• Another significant provision of the new Act is Section 5 (6) which makes any director, manager, or officer of a bank who fails to take reasonable steps to secure compliance with any conditions of license guilty of an offence and liable upon conviction to imprisonment to a term not exceeding two years or a fine of Ñ 2,000,000 or for both such imprisonment and fine.

• Another laudable provision of the new Act is Section 12(1-6), dealing with “Revocation of Banking licence” which has been enlarged under the new Act to cover more grounds. Unlike the old Act which contains only one subsection, The section under the new Act has been enlarged to include 6 Subsections. The subsections variously contain provisions dealing with the appointment of the Nigerian Deposit Insurance Corporation (NDIC) as a liquidator of the affected bank whose licence has been revoked; the immediate payment by the CBN of private deposit liabilities of the bank before the commencement or compilation of the liquidation of the bank by the Corporation; the exclusive jurisdiction of the Federal High Court to entertain action to challenge the revocation of the licence of a bank, the time frame within which to hear and determine an action to challenge a revocation and an appeal against the decision of the Federal High Court in respect of same, time within which to commence an action in respect of revocation of the licence of a bank and so on. All of these are germane provision which are not contained in the 1991 Act.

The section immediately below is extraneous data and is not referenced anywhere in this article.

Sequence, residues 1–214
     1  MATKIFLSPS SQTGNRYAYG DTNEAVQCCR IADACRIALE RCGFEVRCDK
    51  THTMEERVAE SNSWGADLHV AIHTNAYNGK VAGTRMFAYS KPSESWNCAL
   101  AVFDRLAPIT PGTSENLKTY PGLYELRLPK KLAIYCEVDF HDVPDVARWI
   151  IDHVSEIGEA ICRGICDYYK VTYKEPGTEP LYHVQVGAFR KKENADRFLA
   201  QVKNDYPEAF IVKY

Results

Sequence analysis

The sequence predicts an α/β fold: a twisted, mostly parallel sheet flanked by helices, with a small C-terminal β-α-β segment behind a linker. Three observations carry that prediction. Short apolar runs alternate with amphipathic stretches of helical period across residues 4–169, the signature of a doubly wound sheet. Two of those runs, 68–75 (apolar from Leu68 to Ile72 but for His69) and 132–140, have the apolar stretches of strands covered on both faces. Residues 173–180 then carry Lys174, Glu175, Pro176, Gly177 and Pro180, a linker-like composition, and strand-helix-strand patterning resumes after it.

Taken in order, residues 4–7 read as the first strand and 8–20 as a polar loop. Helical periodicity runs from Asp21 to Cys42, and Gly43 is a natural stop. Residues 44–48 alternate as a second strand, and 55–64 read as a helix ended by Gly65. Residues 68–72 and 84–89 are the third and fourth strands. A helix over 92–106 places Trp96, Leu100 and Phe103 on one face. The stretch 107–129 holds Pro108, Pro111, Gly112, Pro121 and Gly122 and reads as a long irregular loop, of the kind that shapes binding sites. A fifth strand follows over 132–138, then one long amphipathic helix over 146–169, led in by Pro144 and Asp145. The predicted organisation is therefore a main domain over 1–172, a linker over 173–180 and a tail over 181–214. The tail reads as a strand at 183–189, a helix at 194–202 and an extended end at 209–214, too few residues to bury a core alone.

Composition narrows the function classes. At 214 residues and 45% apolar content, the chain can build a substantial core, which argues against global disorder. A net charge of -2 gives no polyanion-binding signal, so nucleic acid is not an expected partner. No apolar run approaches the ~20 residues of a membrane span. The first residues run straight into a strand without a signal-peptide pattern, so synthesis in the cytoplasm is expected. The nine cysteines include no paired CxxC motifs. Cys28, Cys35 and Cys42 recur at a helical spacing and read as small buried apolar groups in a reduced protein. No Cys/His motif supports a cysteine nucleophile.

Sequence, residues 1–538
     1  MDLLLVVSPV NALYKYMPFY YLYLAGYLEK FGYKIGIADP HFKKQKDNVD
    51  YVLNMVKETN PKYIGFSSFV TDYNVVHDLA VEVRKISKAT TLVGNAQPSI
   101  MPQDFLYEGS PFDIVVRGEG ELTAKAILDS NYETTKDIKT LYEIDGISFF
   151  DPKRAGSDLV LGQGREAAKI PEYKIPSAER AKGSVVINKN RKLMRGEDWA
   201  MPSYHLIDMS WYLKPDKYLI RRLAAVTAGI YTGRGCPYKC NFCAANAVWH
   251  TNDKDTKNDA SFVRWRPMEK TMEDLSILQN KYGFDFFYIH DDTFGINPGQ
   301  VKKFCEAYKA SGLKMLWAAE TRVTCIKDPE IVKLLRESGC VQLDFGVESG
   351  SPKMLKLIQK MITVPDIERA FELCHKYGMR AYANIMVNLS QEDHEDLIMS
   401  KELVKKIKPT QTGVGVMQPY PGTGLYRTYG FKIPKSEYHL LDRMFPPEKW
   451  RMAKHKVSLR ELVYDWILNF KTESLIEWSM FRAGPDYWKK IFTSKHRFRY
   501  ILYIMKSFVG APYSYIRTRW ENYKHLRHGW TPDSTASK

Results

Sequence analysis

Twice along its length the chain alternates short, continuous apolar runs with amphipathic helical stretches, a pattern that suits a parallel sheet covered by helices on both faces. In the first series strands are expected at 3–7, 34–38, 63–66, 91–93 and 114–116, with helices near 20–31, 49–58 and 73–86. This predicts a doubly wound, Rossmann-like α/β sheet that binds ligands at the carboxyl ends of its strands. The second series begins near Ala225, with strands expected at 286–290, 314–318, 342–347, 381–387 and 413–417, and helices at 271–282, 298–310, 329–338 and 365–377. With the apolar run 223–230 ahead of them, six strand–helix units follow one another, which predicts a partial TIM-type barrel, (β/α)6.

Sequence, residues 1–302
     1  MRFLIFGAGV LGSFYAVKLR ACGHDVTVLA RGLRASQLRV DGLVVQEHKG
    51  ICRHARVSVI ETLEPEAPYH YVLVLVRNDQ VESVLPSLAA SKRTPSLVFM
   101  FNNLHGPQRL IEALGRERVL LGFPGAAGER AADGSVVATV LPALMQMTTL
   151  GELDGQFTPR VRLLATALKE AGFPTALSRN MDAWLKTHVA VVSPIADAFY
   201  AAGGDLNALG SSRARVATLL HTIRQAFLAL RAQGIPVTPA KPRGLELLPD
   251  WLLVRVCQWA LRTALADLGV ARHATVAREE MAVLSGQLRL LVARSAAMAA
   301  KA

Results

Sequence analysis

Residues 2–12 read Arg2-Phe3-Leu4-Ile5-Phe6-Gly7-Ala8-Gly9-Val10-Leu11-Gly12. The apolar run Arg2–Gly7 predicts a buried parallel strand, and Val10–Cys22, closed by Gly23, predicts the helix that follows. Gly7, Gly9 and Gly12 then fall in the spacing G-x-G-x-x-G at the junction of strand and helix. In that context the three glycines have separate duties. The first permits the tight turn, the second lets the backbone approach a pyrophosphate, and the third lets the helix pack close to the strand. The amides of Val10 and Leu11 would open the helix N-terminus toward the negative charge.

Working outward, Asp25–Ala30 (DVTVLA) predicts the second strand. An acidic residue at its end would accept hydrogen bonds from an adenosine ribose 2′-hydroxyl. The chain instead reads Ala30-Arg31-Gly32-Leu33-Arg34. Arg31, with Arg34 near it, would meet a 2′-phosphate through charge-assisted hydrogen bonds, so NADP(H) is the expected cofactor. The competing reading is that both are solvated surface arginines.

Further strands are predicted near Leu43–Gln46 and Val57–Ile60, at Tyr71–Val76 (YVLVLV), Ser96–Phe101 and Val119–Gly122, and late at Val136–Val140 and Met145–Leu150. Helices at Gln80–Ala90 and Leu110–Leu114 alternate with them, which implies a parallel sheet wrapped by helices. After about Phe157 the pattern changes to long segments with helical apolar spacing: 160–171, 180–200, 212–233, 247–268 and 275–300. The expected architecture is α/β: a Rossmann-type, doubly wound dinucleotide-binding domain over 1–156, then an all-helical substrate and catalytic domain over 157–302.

• In Section 58 (1) & (2), no person shall carry on specialized banking or business of other financial institutions in Nigeria other than insurance, pension fund management, collective investment schemes and capital market, except it is a company duly incorporated in Nigeria and holds a valid licence granted under the provisions of the Act. Examples of “ Business of other financial institutions under the Act include business of a discount house, bureau de change, finance company, money brokerage etc.
The provisions of Section 6 is wide under the new Act than the old Act. Under the new Act, it states that “No bank or its subsidiaries may open or close any branch office, cash center or representative office anywhere within or outside Nigeria except with the prior consent in writing of the bank. Unlike the old Act, Section 6 (2) of the new Act proceeds to provide that “Any bank intending to close any of its branches or subsidiaries outside Nigeria shall give notice in writing to the Governor of its intention at least Six months before the date of the intended closure or within such shorter period as the governor may in any particular case allow.